The Atlantean embassy is under siege! Aquaman and Black Manta are locked in battle! Who will survive? And most importantly, how well does Aquaman #2 stand up?
Previously in Aquaman: Years ago, Aquaman killed Black Manta’s father, and ever since Manta has been plotting his revenge. Now, with the new Atlantean embassy open, Manta’s attack may destabilize the truce between the surface and water dwellers.
I ATTACK YOU, THEN YOU ATTACK ME, THEN I ATTACK YOU, AGAIN!
In part two of “The Drowning” arc, chaos is the name of the game. While the embassy explodes and humans run willy nilly trying to escape the carnage, Black Manta and Aquaman are locked in a heated battle to the death. Instead of page after page of well choreographed fighting, each of the characters spends a great deal of time explaining their point of view, while exchanging blows and pointing really sharp objects at one another. Black Manta believes if he kills Aquaman he will be hailed as a hero among humans. Aquaman on the other hand, explains that their fighting must end in order for the healing to begin.
If this were a movie, Errol Flynn and Claude Rains would be exchanging blows and trading quips as the upper hand passes back and forth between hero and villain. In comic book form, this fight seems odd at best. Multiple times Aquaman and Black Manta have the upper hand only to have the advantage taken away in ways that don’t play well on the page. Unfortunately, this makes the entire sequence last far longer than it needs to, which makes Aquaman’s plea for logic and reasoning seem oddly out of place and dead on arrival when he finally convinces Manta to stand down.
That said, Aquaman’s restraint really shows that he wants to be a hero that doesn’t just smash and pound the villain into submission – he wants to find a diplomatic solution to the problem. I hope Mr. Abnett continues to focus on this aspect of Arthur’s personality as the series goes forward. Personally, I think it will make the character stronger, as he doesn’t become just a bruiser, but rather saves it as a last resort.
WHAT IS HE WEARING?
When it comes to character design, there are some really interesting designs artist Scot Eaton uses on these characters. The leader of the guard, for example, has a huge conch shell as a shoulder guard in his uniform which ties into the ocean motif. Black Manta’s costume is always sleek and menacing, and the black and red stylings of the woman who breaks Manta out of captivity looks impressive. However, I don’t know what the heck is going on with Aquaman’s shirt. Is it supposed to be fish scales, or some kind of weird growth? There are multiple times in the issue that the shirt looks like a crusty crab or starfish has been turned inside out and worn as a garment. For this reviewer, it is very off putting, and I would rather the design switch back to the classic fish scale look.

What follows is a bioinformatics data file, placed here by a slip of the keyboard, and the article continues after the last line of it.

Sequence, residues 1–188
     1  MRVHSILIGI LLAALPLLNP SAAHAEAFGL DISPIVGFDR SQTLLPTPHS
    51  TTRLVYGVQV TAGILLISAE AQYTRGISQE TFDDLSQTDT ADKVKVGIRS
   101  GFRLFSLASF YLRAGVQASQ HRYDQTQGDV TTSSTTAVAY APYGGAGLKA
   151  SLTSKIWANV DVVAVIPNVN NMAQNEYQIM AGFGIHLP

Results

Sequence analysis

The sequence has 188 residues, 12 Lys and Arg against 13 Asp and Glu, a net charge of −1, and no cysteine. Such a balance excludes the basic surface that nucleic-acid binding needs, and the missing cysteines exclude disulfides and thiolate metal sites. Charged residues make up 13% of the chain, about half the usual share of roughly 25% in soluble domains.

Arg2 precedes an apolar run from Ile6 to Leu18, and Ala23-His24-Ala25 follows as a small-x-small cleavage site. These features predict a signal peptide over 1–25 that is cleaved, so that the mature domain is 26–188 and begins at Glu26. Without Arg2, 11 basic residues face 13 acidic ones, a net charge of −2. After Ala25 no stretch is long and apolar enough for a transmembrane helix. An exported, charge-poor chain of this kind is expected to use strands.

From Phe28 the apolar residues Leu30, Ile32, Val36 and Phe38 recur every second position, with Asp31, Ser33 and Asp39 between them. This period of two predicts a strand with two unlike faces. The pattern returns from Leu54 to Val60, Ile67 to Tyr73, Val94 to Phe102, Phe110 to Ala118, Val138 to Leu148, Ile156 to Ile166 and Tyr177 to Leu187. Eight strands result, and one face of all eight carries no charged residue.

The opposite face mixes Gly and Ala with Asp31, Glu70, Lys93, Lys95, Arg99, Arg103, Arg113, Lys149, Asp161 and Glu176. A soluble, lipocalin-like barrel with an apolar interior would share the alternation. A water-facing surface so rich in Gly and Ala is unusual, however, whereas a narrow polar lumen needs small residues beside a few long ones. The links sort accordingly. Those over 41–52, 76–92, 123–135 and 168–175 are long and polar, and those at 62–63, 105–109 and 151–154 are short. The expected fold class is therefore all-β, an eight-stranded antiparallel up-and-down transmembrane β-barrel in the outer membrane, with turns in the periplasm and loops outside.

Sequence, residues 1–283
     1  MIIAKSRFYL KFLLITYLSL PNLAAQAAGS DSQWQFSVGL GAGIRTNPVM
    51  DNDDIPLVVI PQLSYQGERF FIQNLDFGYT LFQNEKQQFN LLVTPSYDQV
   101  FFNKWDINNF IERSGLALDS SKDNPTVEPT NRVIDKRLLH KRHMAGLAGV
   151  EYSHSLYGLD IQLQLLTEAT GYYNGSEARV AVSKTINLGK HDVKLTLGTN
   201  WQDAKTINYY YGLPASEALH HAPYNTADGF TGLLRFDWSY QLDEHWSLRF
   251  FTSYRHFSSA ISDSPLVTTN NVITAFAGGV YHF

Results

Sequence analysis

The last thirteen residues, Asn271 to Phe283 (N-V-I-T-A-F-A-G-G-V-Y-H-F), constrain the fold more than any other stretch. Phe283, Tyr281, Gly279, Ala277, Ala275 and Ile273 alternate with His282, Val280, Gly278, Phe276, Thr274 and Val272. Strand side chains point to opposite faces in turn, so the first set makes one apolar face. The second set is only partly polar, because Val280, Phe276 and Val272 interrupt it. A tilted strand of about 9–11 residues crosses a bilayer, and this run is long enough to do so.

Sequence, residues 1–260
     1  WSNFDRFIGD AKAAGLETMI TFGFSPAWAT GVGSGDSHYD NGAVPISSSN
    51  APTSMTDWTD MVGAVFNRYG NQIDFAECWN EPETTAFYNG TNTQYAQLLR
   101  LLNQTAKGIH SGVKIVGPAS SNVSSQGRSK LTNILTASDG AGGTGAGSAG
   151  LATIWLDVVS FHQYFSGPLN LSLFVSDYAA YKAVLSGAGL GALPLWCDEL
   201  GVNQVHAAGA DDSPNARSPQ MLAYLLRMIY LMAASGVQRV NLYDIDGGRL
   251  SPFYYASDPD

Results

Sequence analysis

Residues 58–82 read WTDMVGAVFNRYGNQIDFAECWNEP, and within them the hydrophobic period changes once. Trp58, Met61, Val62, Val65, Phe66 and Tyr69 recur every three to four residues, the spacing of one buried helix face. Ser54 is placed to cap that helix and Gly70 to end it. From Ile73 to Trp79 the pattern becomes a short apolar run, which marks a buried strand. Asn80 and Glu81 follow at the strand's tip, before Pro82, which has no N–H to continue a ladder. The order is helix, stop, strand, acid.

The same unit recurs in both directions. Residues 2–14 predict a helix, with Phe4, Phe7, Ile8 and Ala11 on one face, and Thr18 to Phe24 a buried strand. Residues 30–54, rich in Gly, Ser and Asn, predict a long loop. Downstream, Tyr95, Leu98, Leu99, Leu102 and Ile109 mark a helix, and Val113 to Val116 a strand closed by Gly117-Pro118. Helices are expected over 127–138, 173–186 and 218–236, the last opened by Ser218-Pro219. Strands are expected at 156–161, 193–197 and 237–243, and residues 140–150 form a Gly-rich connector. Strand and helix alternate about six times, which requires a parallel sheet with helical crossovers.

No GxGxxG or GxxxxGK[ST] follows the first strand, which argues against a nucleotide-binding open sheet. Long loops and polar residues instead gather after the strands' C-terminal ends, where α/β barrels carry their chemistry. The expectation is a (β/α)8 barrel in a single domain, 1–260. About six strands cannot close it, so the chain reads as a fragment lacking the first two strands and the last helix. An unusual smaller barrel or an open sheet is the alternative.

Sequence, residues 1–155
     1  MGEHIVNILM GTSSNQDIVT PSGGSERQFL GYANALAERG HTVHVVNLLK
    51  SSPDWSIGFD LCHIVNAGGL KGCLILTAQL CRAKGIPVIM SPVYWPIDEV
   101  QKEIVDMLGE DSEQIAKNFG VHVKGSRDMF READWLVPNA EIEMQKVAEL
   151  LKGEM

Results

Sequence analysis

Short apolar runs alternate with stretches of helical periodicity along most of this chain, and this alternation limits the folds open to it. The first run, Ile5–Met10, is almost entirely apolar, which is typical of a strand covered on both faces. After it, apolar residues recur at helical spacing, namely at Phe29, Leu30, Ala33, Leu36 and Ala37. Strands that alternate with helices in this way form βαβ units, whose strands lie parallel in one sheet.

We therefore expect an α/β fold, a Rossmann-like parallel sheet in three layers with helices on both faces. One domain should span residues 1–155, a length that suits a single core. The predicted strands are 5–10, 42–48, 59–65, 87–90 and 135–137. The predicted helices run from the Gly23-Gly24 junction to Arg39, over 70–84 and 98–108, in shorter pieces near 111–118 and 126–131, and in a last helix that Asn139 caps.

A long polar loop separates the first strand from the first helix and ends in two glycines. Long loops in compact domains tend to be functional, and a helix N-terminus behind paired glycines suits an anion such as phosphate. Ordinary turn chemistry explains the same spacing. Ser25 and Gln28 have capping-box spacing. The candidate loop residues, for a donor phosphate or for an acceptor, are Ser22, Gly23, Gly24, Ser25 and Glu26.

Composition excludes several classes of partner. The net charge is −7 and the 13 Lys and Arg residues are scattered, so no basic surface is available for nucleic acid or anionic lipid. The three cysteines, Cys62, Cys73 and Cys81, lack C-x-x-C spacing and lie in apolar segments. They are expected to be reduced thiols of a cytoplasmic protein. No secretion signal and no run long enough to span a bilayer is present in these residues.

Coloring for this issue works for me, and I’m glad Gabe Eltaeb didn’t go overboard with computer effects like glows and flares. Black Manta’s scars do look a little odd at times. In the close up shots, the scars are a deep purple, which is fine, but in wider shots, the scars look almost nonexistent as there is no color to set the face apart in the crowd. The three slashes across his face are what help identify the character when his mask is off, and sadly, Manta looks like a regular person as he is being escorted away.
BOTTOM LINE: IT’S A GOOD FIRST ARC
Aquaman #2 is a good conclusion to the battle between Aquaman and Black Manta. The issue redefines Aquaman and his role in the new DC universe, while at the same time, it continues to build the conflict between the two worlds, which I think will be an interesting story that will evolve over time. Personally, I grew a little weary of the non-stop fighting, mainly because of the lackluster staging, but I know many want their comics filled with punching and stabbing, and in this chapter, I can see how it works. As a three act arc (Aquaman Rebirth #1, Aquaman #1, and Aquaman #2), the story was satisfying and worth reading.
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